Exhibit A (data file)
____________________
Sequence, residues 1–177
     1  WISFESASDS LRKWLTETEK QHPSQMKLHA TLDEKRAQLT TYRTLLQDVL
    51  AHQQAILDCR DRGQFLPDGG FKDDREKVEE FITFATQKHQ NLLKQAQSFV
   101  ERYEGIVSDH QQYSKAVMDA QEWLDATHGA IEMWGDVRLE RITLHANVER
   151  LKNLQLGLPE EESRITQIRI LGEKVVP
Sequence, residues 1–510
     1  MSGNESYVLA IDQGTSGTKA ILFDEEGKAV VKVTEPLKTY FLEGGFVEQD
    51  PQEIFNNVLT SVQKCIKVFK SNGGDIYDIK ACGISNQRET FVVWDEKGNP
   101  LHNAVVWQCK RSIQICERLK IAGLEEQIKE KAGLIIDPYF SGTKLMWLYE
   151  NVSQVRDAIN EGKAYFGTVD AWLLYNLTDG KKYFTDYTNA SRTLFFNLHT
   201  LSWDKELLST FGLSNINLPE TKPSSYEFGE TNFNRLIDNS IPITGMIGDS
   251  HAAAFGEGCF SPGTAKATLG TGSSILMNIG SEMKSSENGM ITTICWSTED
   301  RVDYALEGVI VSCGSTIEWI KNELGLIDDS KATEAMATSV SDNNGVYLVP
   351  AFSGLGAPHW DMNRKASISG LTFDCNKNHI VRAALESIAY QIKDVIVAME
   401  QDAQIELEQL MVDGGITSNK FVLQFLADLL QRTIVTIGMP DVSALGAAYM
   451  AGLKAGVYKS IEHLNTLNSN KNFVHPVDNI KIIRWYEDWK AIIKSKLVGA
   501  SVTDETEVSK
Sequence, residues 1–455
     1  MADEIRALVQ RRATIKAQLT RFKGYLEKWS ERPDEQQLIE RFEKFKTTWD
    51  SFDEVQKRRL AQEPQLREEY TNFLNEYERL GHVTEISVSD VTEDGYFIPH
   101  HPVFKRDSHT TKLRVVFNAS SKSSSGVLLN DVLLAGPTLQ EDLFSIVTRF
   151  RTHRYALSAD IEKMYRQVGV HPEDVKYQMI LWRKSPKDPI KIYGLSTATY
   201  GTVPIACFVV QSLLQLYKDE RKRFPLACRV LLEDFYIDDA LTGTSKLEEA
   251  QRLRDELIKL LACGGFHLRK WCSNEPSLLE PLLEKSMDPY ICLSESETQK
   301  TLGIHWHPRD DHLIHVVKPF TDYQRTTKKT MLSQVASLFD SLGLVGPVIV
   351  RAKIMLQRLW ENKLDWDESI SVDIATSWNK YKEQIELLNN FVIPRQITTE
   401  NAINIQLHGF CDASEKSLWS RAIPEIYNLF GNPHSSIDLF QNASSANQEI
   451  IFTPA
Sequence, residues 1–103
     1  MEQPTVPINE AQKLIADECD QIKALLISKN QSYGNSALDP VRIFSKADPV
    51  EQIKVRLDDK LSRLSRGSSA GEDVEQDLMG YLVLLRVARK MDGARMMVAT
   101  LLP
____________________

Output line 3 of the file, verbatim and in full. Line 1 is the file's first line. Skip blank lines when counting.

    51  AHQQAILDCR DRGQFLPDGG FKDDREKVEE FITFATQKHQ NLLKQAQSFV